1. It wasn't a catch. Not sure what else there is to say, besides this: as much as I despise the Dallas Cowboys, I can't tell you how much respect I have for what they did on that play. It's fourth down, with the entire season on the line, and two yards are needed to keep the party going. Instead of turning to the offensive line and running game that has carried them all season, they tell Dez, "Go up and get this for us." Except for the small matter of the fine print as it pertains to catching balls in the NFL, Dez makes a hell of a play. Forget the way the Cowboys were gifted with a terrible call against Detroit. This was not a make-up call. Dez straight-up did not catch the ball. Until they change the rules, that will never not be true. On the other hand, they went down swinging with their best player, and that is something you can't take away even from your most bitter rival.
2. Well, I was wrong. Add it to the miles-long list of things I was wrong about. Rex Ryan WAS given a head coaching job, and he doesn't have to travel far to get started. I spent much of yesterday with an Atlanta Falcons fan who was certain Rex was going to come to Georgia and do something with their defense. His logic was that Rex had an offense with major pieces in place and plenty of potential. The defense in Atlanta would be his to craft into something great. from something...less than great. Instead, Rex took the team with the solid defensive roster in place and the unsettled offense. I have to say that I really like this decision. Rex is a defensive-minded guy. In order for him to be a successful head coach, he has to have a good defense. That is what is expected of him. He knows that he can walk into the building in Buffalo and immediately play solid defense. It doesn't hurt that the weather is an extra defender in Buffalo, while the dome in Atlanta evens the playing field out way too much. Finally, Matt Ryan and Julio Jones have shown what they can do, and it hasn't set the world on fire. It would be a long putt to expect a defensive coach to gamble his livelihood on that side of the ball carrying him until he could get a defense together. As much as I wanted Rex Ryan to come to D.C., that was clearly never going to happen, putting it firmly on a long list of Redskins things I root for that have little to no chance of ever happening.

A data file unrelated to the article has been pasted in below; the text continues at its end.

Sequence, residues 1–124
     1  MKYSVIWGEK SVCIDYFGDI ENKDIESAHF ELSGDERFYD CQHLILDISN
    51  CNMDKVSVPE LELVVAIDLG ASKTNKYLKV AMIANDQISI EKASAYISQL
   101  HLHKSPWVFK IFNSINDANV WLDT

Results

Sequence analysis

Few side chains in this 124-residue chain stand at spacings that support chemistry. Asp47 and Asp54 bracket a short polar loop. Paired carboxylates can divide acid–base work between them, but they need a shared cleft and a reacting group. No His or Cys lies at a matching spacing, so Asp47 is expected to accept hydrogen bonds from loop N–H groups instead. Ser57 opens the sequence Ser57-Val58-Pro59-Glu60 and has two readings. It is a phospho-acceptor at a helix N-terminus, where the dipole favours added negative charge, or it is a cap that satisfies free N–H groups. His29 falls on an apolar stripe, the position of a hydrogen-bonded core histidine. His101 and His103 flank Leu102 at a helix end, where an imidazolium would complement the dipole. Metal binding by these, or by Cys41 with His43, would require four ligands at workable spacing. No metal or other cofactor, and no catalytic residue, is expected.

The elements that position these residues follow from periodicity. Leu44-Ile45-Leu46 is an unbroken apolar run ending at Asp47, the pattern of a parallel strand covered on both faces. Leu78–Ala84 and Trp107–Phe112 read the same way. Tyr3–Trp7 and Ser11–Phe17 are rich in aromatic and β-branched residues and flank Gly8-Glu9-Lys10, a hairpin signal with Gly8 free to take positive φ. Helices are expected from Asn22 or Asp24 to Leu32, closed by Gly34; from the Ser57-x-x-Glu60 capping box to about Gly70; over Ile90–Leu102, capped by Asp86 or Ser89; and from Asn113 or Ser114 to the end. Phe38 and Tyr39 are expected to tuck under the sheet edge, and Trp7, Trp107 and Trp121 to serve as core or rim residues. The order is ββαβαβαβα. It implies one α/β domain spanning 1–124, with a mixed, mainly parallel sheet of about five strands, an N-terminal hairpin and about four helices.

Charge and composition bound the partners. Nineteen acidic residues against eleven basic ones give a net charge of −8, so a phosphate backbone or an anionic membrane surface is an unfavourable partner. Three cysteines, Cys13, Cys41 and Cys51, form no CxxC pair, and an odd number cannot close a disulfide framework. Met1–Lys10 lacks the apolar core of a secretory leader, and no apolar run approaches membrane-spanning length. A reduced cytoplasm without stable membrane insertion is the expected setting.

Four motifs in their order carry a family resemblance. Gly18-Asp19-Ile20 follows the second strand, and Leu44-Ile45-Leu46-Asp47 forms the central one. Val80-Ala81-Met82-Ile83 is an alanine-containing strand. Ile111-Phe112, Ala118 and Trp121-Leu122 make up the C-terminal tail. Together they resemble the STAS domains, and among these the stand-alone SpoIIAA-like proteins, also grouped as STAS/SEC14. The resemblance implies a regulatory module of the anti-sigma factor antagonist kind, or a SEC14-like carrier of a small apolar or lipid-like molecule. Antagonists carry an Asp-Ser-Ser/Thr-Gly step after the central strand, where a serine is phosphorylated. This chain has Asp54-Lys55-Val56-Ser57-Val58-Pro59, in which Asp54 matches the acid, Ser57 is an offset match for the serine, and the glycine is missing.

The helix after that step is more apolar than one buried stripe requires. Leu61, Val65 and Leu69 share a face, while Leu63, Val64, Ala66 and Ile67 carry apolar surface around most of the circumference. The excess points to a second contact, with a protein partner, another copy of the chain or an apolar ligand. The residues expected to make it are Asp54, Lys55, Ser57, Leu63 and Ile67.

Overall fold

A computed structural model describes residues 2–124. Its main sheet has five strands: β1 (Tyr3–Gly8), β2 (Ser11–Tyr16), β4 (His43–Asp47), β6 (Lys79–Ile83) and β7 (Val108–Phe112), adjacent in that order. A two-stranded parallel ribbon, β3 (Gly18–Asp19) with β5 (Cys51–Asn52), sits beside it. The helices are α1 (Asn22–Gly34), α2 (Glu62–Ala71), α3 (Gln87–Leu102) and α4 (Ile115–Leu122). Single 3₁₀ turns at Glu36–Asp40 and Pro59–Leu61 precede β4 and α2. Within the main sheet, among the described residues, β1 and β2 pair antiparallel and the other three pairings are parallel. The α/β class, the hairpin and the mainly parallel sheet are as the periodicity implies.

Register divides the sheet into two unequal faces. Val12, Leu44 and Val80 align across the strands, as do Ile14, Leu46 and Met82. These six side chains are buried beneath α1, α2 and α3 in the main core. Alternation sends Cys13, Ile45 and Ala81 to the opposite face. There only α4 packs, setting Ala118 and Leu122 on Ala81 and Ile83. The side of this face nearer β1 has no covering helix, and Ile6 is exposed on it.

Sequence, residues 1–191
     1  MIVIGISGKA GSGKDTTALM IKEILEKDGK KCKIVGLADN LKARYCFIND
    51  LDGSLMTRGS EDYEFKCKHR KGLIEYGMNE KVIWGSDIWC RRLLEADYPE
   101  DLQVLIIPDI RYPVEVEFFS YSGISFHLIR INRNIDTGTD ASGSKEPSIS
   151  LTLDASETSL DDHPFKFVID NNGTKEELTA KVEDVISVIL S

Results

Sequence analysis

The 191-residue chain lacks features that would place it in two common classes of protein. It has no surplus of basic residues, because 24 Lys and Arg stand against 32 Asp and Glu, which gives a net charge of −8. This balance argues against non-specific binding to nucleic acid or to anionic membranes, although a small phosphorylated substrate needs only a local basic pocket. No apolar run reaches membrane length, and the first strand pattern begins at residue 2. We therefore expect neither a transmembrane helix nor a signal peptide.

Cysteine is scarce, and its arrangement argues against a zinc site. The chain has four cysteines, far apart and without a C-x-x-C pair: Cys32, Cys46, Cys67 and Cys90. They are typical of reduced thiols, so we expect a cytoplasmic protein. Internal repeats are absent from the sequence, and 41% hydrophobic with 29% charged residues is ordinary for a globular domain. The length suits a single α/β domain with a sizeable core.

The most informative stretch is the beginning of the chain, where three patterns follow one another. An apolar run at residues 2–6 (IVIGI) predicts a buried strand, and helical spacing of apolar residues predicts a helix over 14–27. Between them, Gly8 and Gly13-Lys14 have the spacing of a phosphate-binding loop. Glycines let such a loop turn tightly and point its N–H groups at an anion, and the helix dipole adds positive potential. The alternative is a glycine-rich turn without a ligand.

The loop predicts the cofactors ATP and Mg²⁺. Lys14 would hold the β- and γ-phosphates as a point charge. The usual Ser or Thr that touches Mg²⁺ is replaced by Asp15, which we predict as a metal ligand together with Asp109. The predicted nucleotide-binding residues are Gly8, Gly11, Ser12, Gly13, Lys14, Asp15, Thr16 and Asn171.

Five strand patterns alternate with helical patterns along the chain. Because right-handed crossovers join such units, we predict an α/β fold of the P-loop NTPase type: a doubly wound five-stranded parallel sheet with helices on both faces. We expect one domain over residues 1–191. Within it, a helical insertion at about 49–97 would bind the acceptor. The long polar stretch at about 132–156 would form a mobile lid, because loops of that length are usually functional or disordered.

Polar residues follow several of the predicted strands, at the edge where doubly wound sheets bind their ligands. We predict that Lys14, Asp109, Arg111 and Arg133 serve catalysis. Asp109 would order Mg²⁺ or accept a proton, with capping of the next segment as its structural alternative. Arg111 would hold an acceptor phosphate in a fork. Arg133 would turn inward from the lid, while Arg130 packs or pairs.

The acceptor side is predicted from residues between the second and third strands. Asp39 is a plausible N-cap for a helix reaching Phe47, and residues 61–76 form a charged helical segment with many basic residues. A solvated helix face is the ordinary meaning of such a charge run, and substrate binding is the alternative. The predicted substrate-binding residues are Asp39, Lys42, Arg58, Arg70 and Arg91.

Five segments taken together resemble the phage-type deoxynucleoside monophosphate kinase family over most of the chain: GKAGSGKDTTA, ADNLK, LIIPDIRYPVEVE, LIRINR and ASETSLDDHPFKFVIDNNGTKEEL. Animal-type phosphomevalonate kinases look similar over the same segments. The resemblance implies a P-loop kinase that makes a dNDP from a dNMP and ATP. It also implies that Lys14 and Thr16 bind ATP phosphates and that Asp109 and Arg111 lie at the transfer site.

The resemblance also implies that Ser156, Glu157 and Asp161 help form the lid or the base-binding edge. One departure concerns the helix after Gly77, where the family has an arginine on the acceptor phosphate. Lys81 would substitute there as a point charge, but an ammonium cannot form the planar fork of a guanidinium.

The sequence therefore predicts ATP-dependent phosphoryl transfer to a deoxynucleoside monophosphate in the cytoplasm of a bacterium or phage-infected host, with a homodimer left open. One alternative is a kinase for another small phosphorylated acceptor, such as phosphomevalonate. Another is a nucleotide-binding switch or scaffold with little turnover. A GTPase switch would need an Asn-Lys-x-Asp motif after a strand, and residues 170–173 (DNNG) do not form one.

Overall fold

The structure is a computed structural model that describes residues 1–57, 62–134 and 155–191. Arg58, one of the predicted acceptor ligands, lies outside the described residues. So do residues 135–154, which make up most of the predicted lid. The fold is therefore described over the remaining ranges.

3. Dick LeBeau...anyone? Could any of us have any problem whatsoever with Dick LeBeau coming to shape the Washington defense? In any other universe, I would speak for everyone and say that 100% of us would be ecstatic to land him, despite the wacky departure from Pittsburgh.
4. I continue to have thoughts about the "new direction" of the Washington Redskins. The first thought we all have is, naturally, "Is this really a new direction for this team?" There aren't many fairer questions to ask, in my opinion. This franchise, in addition to hiring plenty of assclowns, has also hired plenty of competent professionals. The problem has been the manner in which they did--or did not--allow those individuals to do their jobs. As far as McLovin' is concerned, the team has yet to prove it can stand aside and let people operate, so we can't judge the hire for some time, other than to say "it has all the makings for a positive turn for this franchise."